That’s not finished, is it?
Reading A.J.’s post about tact got me thinking about the whole subject. I’ve never been a candidate for any awards in this department. Whenever I have been asked for my opinion, I have always tried to offer it honestly. I know there have been times when what I had to say was not what the other person wanted to hear. And I know that, sometimes. I was not really being asked for my opinion but rather for praise.
I have been on both sides of this. There have been many times when I proudly displayed a piece of work, expecting to be lavished with praise, only to be told, in one way or another, that my efforts had not produced a masterpiece.
The worst time to receive such an opinion is when you are delivering a project and expecting to be handed a check. At that point, any expression of anything less that ecstatic joy on the part of the customer can pull the rug right out from under you.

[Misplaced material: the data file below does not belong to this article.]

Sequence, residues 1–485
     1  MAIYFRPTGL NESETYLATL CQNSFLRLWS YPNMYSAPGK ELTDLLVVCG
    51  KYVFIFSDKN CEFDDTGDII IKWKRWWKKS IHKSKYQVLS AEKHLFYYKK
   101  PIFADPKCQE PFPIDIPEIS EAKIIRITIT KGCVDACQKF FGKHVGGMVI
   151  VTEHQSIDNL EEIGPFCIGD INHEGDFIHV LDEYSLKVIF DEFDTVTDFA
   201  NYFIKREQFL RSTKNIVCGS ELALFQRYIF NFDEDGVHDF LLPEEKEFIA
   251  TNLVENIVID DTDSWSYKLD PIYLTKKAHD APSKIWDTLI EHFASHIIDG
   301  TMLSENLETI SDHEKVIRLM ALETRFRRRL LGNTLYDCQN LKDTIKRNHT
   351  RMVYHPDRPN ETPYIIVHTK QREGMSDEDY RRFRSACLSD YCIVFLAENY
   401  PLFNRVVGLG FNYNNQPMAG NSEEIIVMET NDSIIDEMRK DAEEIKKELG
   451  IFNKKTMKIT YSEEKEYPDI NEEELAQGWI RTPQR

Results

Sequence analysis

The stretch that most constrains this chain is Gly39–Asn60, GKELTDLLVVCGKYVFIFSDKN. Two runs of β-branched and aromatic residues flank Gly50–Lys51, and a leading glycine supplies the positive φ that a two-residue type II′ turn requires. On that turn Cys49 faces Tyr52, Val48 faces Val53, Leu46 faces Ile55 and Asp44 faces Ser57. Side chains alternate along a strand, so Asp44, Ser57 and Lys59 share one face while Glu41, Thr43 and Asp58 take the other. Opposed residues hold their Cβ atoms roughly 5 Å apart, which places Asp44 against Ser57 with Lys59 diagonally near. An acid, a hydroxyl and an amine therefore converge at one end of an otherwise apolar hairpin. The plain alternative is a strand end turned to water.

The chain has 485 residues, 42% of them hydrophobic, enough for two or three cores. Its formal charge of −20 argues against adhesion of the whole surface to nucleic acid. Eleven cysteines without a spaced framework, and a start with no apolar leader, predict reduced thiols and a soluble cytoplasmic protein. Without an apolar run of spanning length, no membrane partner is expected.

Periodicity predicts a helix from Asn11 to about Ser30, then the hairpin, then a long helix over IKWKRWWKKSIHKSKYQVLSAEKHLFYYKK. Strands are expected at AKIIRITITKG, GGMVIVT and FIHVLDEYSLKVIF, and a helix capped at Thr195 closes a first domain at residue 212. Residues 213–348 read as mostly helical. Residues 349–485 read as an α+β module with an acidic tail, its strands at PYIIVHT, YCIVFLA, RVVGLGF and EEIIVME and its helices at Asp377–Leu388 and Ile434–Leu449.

I remember once building a large cabinet that held a Murphy bed but was supposed to look like an armoire. The design called for a very dark, rustic looking piece. I had worked with the client’s designer and had matched both the color and texture he had specified pretty closely so I was expecting that the client had been clued in on what to expect. But when I proudly uncovered the piece in the client’s driveway, she simply (and literally) burst into tears. Needless to say, my ego was instantly crushed like a stepped on aluminum soda can. And in the same moment, a vision appeared in my mind of my check sprouting wings and flying away. I ended up refinishing the whole thing and eventually I got it to where the client was happy with it.
Learned a lesson there. Actually I learned a couple but I’ll go into those later.
Other things you don’t want to hear when you deliver a project (I have heard them all at one time or another):
“That’s not finished, is it?”
“Is that what I’m getting?”
“Wasn’t that supposed to be lighter?”
“Oh, my husband/wife is going to have to look at this.”
“Maybe you shouldn’t bring it in just yet.”
“Uhh … umm … err …”
“But what about the …?”
Feel free to add to the list.